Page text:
Henry Sidgwick, 19th century
English philosopher,
defender of esoteric utilitarianism
I had a worry about Singer’s approach that was similar, but not tied to Kantian morality. My concern was that the tactics of esoteric utilitarianism seem manipulative, particularly in using praise and blame to attempt to influence people’s behavior. I asked Singer if there wasn’t a conflict here with the spirit of utilitarianism, which asks us to think through the consequences of our actions, and act accordingly, even if this means going against commonly held ideas about what is moral or in other ways socially endorsed (which typically requires resisting social pressure exerted in the form of praise and blame). When it emerged in the Nineteenth century, utilitarianism was designed precisely to challenge the power of esoteric elites like the aristocracy and the Church, and promote policies based on the idea that in the utilitarian moral calculus, everyone counts, and everyone counts equally. 

I also suggested that taking up praise and blame as tools to influence others seems a risky strategy for the utilitarian. If people are encouraged to allow such influences to determine their actions, this may reinforce their vulnerability to other "esoteric" sources of praise and blame which are likely to be much more powerful than anything utilitarians have at their disposal – for instance the forces of advertising in the service of consumerism, which urge you to give up to 50% of your income to your mobile phone company, say.

Again, Singer couldn’t see any problem. He repeated the basic argument that for the utilitarian the end justifies the means. He didn’t seem concerned that in this case the consequences of the strategy might include weakening people’s moral characters, or at least reinforcing a tendency to allow social approval and disapproval to override any more rational or independently thought-through motives for action. Singer is happy to adopt the strategies used in advertising – this is a powerful, effective way to influence behavior in contemporary society.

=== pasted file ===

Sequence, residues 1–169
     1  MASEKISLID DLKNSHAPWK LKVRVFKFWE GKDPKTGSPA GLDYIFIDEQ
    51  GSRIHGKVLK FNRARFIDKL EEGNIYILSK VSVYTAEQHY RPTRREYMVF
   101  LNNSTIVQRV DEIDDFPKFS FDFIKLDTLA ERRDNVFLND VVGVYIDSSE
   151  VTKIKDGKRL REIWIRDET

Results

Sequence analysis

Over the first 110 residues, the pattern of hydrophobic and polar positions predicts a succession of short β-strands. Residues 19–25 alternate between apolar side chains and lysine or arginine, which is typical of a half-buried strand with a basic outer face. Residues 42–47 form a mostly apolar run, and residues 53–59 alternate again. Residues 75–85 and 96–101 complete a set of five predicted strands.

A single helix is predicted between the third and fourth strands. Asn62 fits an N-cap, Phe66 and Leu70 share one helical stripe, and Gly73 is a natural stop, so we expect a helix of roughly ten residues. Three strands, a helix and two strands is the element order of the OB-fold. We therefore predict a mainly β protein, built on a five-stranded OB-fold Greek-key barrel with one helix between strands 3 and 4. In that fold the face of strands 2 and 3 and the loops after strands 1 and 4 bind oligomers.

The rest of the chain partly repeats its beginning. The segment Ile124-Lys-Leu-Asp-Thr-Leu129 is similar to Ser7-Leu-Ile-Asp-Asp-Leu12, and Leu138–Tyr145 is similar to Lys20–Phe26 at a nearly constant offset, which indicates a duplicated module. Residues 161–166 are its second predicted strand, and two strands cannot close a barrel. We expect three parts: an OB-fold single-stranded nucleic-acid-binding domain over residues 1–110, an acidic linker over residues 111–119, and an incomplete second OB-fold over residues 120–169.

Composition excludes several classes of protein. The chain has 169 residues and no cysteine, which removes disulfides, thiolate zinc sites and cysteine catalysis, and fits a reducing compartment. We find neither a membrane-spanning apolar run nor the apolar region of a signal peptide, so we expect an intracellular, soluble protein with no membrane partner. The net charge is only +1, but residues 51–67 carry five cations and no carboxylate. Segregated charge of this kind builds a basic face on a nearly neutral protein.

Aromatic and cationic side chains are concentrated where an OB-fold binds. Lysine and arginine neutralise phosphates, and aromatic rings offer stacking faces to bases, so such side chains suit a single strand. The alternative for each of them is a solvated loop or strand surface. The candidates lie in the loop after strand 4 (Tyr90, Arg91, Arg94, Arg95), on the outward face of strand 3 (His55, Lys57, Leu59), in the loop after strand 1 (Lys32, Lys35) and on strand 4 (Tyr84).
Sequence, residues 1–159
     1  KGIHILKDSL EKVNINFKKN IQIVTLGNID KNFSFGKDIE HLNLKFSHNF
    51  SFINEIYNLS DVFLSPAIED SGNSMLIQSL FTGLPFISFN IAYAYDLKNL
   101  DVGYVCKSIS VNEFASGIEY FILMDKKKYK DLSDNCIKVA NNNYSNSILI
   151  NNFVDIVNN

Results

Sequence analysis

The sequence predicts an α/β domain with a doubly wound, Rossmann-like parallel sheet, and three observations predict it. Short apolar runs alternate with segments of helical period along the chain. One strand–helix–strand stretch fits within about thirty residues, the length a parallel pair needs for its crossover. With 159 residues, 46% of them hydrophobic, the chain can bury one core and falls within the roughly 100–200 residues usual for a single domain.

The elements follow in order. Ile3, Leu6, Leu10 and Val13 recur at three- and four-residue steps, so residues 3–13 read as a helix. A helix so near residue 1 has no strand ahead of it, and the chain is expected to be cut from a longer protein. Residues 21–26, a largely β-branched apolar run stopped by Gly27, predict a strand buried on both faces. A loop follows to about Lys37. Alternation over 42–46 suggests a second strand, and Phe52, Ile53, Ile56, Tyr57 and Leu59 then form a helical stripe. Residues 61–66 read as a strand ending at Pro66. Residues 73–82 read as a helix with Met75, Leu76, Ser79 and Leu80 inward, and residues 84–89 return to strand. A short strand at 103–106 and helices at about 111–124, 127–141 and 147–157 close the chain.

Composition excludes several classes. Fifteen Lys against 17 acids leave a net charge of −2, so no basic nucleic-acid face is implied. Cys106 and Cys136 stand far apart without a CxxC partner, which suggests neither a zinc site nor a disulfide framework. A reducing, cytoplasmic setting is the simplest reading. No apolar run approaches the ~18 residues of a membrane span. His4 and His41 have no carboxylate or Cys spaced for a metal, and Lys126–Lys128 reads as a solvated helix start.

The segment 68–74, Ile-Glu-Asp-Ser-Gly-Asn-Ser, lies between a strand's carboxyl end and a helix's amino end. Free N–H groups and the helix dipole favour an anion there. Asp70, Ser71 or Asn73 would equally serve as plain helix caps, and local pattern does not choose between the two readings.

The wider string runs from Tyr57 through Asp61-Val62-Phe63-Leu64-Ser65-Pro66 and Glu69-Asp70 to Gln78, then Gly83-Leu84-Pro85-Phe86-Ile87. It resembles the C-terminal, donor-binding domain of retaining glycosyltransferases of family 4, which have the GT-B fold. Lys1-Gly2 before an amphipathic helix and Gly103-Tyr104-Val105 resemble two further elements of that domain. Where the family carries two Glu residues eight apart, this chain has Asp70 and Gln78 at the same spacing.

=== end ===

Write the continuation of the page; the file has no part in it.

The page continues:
He gave an example: a television ad to promote work safety practices which (if I remember his description correctly) shows someone coming to a family home to break the news that the father of the family has been killed in an accident at work. The ad is highly emotive, depicting the distress of a young child at this news. Singer said that since it has been screening, work safety incidents have declined appreciably. The technique used to achieve this may be emotionally manipulative, but it works, and the outcome is good.

This reminded me of a similar ad I saw at the cinema in Paddington in Sydney, last year. It was about the consequences of speeding, posing questions like: what would you choose, to be late for a meeting, or to end up as a paraplegic? The audience laughed – the combination of the choose-your-own-adventure style with such obvious scare tactics was too much for us. This reaction suggests another problem with using emotionally manipulative means to pursue utilitarian ends – if people are not naively drawn in by the technique, they will see through it, and tend to resist or dismiss the message even if they might otherwise endorse the end it seeks to promote. No one likes to be patronized. Even if the end justifies the means, the use of manipulative means may end up discrediting the end, or the theory behind it.